The Kid Stays In The Game

The Kid Stays In The Game

4th and 7 at the Miami 38. Carolina trails Miami by 11 points. There are three minutes and 52 seconds on the clock.

Carolina quarterback Nathan Elliott— who before today had completed eight passes in his college career, who had been the odd man out in a three-head quarterback race in the off-season— drops back to pass, then steps up into the pocket. The lefty throws a strike to his second read, Anthony Ratliff-Williams, running a crossing route from left to right. Ratliff-Williams goes up and gets it. First down.

Ten weeks ago, Nathan Elliott was competing with graduate transfer Brandon Harris and redshirt freshman Chazz Surratt to be the Tar Heel starter. The only one with experience in a Carolina uniform, Elliott seemed to be right there in the mix. The fact that only he and Harris could talk to the media in the preseason may have contributed to that perception.

“I’m trying to focus on being the best Nathan Elliott I can be,” he said in early August. “I’m not really worried about anything anyone else does, because I can only do what I can do. I’m not going to try to control the uncontrollable. I’m just going to keep focusing on me, and be the best version of me I can be.”

But Elliott got lost in the shuffle. Harris earned the first snaps of the year, and he and Surratt rotated at quarterback until Surratt took over the everyday job. Elliott, in fact, didn’t play at all until week eight at Virginia Tech, when both Surratt and Harris were banged up. He threw three passes, all incomplete, and was sacked for a nine-yard loss.

A year ago, Elliott was the Tar Heel backup quarterback behind Mitch Trubisky. He wasn’t going to split time with the NFL’s number two overall draft pick, but he did see mop-up duty in four games. What had he learned from Trubisky? He was asked during training camp.

“Just composure. He would have a bad play, he’d come off to the side and he’d be fine,” Elliott said. “He was always locked in. We were never out of the fight, and that was the one thing that I really loved about Mitch. We’d talk about it all the time, just having composure, believing in yourself, being confident, and if you make a bad play, just know that you’re going to come back and make the play the next time.”

Elliott had to put that into practice in Saturday’s game. All week long he’d had a feeling that he couldn’t readily explain, a feeling that he would play against the Hurricanes. And with Surratt coming off the field after a hit, and with Harris on the sideline in sweats, it was Elliott behind center, Elliott making a bad play —he threw three interceptions, though not all his fault— and coming back on the field to try to make good ones.

And so there he was, after the completion to Ratliff-Williams extended the game. A few plays later, one of which was a 12-yard quarterback draw, Elliott hit Beau Corrales for a touchdown. Nathan Elliott to Beau Corrales. Not a combination Tar Heel fans expected to see connect. Not in week nine.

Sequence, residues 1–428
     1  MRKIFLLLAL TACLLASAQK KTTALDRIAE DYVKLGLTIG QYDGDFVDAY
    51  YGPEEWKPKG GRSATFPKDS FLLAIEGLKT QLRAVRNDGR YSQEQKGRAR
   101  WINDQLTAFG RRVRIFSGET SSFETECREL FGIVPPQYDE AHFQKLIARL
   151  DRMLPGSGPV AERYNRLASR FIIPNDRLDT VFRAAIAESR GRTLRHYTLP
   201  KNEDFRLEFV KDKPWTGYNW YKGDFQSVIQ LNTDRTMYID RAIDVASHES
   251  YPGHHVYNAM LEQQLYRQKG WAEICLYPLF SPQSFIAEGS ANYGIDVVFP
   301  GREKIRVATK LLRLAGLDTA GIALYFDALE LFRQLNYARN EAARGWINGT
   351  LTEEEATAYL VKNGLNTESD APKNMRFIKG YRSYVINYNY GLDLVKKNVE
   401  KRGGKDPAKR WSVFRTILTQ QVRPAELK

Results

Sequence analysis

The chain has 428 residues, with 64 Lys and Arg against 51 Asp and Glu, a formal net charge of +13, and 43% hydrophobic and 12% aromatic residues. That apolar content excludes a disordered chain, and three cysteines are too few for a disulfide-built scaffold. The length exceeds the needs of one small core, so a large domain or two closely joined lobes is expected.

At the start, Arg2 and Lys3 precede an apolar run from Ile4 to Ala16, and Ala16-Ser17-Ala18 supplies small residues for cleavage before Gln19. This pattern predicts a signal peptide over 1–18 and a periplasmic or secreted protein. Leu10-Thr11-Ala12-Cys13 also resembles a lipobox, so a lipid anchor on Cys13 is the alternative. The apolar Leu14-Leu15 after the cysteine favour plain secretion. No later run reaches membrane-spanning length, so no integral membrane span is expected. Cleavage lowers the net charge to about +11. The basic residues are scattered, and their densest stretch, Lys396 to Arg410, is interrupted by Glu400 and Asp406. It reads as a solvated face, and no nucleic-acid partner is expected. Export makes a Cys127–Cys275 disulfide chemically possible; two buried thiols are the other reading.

And then after a Miami fumble caused by Cayson Collins and leaped upon by Aaron Crawford, the Tar Heel offense was back in business, and Kenan Stadium was alive. The homecoming crowd was on their feet. Here they were, cheering on a 1-7 team, a team with no hope of a postseason, a team playing for pride. And yet the fans showed up. Not 66,000, no, but the ones that did, the ones that hung around, they were there at the end. They were loud. They were banging on bleachers. They were believing.

“Come on, kid!” one fan yelled toward Elliott. Not as in ‘Come on, kid!’ out of frustration, but as in ‘Come on, kid! We believe in you.’

A false start backed the Tar Heels up five yards, but Elliott picked them back up on a second-down scramble. When he was hit out of bounds, 15 more yards got tacked on. Carolina had 1st and 10 at the Miami 37, still more than two minutes to play.

Come on, kid.

Elliott handed the ball off to Jordon Brown on an inside run. But in this most snake-bitten of seasons, the ball came out. Miami’s Joe Jackson reached in. Jaquan Johnson pounced. So did Nathan Elliott, however, running with Brown. He reached out his right hand, but a hair too late.

Come on, kid.

Miami would get one first down, then take a knee, and the nation’s eighth-ranked team would escape Chapel Hill with a five-point win. It was the expected result, if not the expected margin. And not the expected Tar Heel quarterback.

“I thought he was really gritty and played really tough,” head coach Larry Fedora said of Elliott. “He ran the ball and did some things and gave us some opportunities. There was one ball that he probably didn’t need to throw that he pressed on, but you know what? That kid, as many reps as he has gotten, he went out there, and I thought he did a heck of a job.”

He did. There are no moral victories; this is college football. And the Tar Heels are 1-8. The ceiling is now four wins. But for a few minutes, the fans didn’t care about the record. They were believing, and they were on their feet for Nathan Elliott. He was directing the offense, late in the game, within a score and with a chance to win.

“That’s what I dream about. That’s what every little kid that plays football dreams about, having the chance to beat the number 8 team in the country, having the ball with two minutes on the clock in good territory,” Elliott said. “Unfortunately, we just came up on the other side of that.”

That they did. But one gets the feeling that Nathan Elliott will have other chances.

Come on, kid.

@TurnerWalston 

photo by Smith Hardy